On December 29, 2020, the US Department of Labor (DOL) issued Field Assistance Bulletin 2020-7, which addresses when electronic posting by employers (via email or an internet or intranet website) is sufficient to provide employees with required notice of their statutory rights under a variety of federal labor laws. The Bulletin was issued in response to employer questions about the use of electronic means to post notices under the following laws, as more employees work remotely due to the COVID-19 pandemic:
- The Fair Labor Standards Act (FLSA);
- The Family and Medical Leave Act (FMLA);
- The Employee Polygraph Protection Act (EPPA); and
- The Service Contract Act (SCA).
This e-Alert summarizes the current statutory and regulatory posting requirements and explains how electronic means of satisfying these requirements can be achieved per the DOL guidance.
The Bulletin outlines when electronic posting is an acceptable substitute for the continuous posting requirement contained in several statutes (i.e., requiring employers to “post and keep posted” or requiring the posting of a notice “at all times”).
Where delivery of notices to individual employees is permitted, email delivery (or another similar method of electronic delivery) is sufficient only if the employee customarily receives information from the employer electronically.
Affected individuals must be able to readily see a copy of the required postings in electronic format, which will depend on the facts. For example, the affected individual must be capable of accessing the posting without having to specifically request permission to view a file or access a computer. The employer must take steps to inform employees of where and how to access the notice electronically.
Federal Labor Law Posting Requirements
The following provides an overview of the current posting requirements of the Fair Labor Standards Act (FLSA), the Family and Medical Leave Act (FMLA), the Employee Polygraph Protection Act (EPPA), and the Service Contract Act (SCA), and how these requirements can be satisfied through electronic means.
FLSA: Provisions for minimum wage, overtime, break time for nursing mothers
- An employer with any employees subject to these provisions is required to post and keep posted a notice explaining the FLSA in conspicuous places in every establishment where such workers are employed.
- Electronic posting (e.g., on an employee information internal or external website, or shared network drive or file system) will be sufficient to meet the statutory posting requirement if all employees:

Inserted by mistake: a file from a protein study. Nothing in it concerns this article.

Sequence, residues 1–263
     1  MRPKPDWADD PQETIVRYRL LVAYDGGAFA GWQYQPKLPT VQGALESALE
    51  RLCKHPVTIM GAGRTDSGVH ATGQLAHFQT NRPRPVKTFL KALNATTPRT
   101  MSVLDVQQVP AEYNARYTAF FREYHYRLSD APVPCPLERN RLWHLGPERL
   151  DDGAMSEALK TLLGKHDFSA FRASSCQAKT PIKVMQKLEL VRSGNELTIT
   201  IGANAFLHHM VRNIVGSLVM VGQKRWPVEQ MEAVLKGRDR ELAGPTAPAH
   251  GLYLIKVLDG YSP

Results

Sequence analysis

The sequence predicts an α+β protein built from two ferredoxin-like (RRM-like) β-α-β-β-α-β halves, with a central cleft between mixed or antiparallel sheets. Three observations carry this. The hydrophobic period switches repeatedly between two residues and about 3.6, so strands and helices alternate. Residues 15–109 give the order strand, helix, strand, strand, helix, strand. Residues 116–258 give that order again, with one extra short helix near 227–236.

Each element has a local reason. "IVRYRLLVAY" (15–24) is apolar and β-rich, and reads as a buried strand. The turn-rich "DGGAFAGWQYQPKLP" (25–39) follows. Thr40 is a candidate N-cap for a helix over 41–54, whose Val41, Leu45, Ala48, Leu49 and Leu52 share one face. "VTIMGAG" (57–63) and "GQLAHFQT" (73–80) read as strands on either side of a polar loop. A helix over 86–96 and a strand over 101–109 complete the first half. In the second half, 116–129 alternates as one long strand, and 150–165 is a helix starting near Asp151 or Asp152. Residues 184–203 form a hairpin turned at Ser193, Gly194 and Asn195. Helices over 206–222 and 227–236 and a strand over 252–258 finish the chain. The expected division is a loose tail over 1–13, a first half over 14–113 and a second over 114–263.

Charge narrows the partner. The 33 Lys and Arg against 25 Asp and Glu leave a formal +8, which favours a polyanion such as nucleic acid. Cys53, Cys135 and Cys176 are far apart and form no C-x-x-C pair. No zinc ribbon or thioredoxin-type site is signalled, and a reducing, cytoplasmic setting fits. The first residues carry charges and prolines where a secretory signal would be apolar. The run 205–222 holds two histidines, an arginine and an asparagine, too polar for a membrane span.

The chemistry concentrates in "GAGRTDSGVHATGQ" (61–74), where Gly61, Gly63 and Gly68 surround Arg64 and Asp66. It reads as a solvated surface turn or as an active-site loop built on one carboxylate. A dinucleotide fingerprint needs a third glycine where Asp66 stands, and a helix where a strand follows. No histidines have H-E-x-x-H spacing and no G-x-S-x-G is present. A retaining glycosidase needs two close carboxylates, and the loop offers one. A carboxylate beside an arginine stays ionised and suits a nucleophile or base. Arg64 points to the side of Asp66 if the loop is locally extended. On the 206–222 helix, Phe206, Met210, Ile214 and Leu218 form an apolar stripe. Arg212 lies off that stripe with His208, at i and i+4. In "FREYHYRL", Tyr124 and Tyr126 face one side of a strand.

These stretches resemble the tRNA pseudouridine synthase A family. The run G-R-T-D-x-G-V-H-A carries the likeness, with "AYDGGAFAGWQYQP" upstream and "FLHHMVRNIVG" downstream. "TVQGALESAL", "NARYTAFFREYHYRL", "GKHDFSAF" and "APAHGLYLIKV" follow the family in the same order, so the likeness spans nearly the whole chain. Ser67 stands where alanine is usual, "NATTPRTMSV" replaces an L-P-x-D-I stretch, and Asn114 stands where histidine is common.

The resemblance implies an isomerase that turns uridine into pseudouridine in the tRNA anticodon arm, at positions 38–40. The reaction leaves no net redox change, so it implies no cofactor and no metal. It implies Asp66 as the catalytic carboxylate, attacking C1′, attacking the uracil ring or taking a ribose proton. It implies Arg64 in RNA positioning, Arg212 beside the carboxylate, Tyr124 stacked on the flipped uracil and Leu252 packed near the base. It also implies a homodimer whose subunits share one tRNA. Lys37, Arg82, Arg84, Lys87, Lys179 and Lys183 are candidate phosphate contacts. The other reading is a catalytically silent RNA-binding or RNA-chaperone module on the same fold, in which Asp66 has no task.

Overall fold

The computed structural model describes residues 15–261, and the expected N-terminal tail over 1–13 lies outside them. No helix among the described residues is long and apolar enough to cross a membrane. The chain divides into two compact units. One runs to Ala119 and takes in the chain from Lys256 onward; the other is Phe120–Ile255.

- Exclusively work remotely;
- Customarily receive information from the employer via electronic means; and
- Have readily available access to the electronic posting at all times.
- Each covered employer must post and keep posted, in conspicuous places on the premises where workers are employed, a general notice explaining the FMLA’s provisions (among other things). Electronic posting of the general FMLA notice is permitted, as long as it otherwise meets these requirements.
- Electronic posting is permitted where all hiring and work is done remotely and an employer posts the appropriate notice on an internal or external website that is accessible to all employees and applicants.
- The notice must be posted prominently where it can be readily seen by employees and applicants.
Employers can read about additional notices in the field bulletin.
Employers Next Steps
- It is important to note this e-Alert reflects Federal guidance and states have specific requirements for state mandated notices.
- In most cases, electronic notices supplement, but do not replace, the statutory and regulatory requirements that employers post a hard-copy notice. For example, the DOL encourages both methods of posting where an employer has employees on-site and other employees teleworking full-time.
- According to the DOL, whether notices are provided electronically or in hard-copy format, it is an employer’s obligation to provide the required notices to all affected individuals.
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This content is provided with the understanding that HR Knowledge is not rendering legal advice. While every effort is made to provide current information, the law changes regularly and laws may vary depending on the state or municipality. The material is made available for informational purposes only and is not a substitute for legal advice or your professional judgment. You should review applicable laws in your jurisdiction and consult experienced counsel for legal advice. If you have any questions regarding this content, please contact HR Knowledge at 508.339.1300 or email us.